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Entered according to the Act of Congress, in the year 1858, by


in the Clerk's Office of the District Court in and for the Eastern District of Pennsylvania.




SOON after the publication of my "English Literature of the Nineteenth Century"-seven years ago-the publishers announced the present work; and in about a year after, nearly half of it was done. But I found that, with the arduous professional duties of my school, I was working too hard, and therefore I suspended my labors upon the book entirely, and for four or five years (while residing for a greater part of the time in the country), I wrote not a line for it. But it being continually inquired for, in consequence of its early announcement, I determined a year ago to complete the work as soon as I could, and as best I might be able; and the result is now before the public. I have deemed it but simple justice to myself, as well as to my publishers, to state these facts, lest it might be supposed that I had been laboring upon my book for the whole seven years, which would raise expectations as to its completeness and finish, that I fear the volume itself will not justify. Besides, one who has such a scholastic charge might be supposed to have enough to employ his time, without engaging in such outside literary labors as seem more befitting the professed author. I say these things, not to deprecate criticism upon my work-on the contrary, I cordially invite it—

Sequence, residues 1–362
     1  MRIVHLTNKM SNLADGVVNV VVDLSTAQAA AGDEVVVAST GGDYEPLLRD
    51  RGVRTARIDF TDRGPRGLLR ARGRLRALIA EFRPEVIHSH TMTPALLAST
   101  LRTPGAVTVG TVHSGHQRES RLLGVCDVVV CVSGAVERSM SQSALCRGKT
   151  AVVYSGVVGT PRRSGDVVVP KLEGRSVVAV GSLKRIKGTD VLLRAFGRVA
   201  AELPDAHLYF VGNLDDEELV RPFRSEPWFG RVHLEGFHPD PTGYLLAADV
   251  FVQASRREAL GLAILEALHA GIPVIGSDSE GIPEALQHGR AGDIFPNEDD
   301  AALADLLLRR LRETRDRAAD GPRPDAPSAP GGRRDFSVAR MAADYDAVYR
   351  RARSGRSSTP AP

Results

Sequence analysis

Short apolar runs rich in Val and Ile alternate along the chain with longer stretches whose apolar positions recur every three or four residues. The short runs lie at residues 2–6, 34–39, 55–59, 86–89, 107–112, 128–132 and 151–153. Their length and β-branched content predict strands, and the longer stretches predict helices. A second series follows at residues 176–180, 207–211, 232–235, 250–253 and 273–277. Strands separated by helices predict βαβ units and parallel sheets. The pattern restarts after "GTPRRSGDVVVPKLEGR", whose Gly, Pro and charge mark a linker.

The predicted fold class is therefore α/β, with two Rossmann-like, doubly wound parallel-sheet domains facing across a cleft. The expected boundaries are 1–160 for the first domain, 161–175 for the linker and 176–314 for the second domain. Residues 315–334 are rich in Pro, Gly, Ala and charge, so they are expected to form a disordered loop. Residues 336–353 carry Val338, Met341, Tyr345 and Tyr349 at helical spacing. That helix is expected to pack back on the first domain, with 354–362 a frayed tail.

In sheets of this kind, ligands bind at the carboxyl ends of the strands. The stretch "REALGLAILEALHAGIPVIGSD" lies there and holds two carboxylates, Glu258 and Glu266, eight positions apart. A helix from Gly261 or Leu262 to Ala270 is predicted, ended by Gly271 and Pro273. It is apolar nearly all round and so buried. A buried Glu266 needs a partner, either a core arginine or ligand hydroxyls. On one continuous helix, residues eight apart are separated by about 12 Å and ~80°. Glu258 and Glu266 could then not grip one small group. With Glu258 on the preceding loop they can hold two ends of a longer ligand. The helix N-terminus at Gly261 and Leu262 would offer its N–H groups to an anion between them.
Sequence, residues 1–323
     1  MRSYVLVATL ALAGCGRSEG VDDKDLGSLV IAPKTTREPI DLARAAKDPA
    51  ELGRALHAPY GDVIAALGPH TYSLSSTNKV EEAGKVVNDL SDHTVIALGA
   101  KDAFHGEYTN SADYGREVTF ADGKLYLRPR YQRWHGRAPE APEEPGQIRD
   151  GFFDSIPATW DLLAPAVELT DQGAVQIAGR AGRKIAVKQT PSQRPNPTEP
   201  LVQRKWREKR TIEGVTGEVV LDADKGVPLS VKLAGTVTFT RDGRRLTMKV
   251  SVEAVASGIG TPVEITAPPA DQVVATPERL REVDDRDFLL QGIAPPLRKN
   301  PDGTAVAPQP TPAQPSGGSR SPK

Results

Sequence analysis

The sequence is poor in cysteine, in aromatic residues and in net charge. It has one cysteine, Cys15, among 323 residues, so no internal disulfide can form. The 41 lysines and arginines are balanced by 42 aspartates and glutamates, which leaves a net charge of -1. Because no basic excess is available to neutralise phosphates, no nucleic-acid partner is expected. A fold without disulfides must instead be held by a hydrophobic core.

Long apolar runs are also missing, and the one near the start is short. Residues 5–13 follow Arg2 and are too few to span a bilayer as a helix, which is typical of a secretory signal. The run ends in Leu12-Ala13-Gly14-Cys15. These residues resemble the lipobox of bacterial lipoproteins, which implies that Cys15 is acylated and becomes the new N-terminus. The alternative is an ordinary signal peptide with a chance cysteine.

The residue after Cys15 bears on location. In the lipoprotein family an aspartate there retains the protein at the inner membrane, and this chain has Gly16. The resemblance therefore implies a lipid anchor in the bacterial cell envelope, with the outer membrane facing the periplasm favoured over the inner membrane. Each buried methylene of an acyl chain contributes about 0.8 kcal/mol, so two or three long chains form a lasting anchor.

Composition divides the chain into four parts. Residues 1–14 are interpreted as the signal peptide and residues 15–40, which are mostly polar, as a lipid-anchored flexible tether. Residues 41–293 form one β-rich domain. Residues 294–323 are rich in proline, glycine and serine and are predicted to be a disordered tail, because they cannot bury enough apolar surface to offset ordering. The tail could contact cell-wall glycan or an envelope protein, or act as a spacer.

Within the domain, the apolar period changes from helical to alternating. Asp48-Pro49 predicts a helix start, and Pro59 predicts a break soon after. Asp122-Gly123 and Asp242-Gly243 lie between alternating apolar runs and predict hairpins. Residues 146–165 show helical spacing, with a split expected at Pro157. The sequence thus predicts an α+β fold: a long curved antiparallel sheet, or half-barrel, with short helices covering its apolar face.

but merely as a partial apology for the defects that may be found in it.

In the preparation of all works of this character, there are difficulties which they only can appreciate who have been engaged in such labors. But in this work the difficulties are peculiar: First, from the two questions, that must, at the very outset, be answered-What is American Literature? and, When does it begin? Secondly, from the vast amount of material to select from, at times absolutely overwhelming. And, thirdly, from the impossibility of giving entire satisfaction either to living authors, or to the friends and kindred of those that are deceased.

Respecting the question, what is American Literature, I would remark that, in my view, it would be absurd to apply this term to the occasional and transient literary effusions that appeared on this side of the Atlantic, for a century after the settlement of the country. Colonies of Great Britain, speaking the same language, governed by the same laws, manufacturing but little ourselves, but dependent on the mother country for a large portion of our material comforts, it was natural for us to look to her also for our intellectual aliment. And we did so. Not even forty years ago, the "Edinburgh Review" thus wrote:1 "Literature, the Americans have none; no native literature

we mean.

* But why should the Americans write books, when a six weeks' passage brings them, in their own tongue, our sense, science, and genius, in bales and hogsheads?" At this very plain language, that had a good deal of truth in it, we were much offended, which was very foolish. We might have answered the reviewer somewhat thus: "True, we have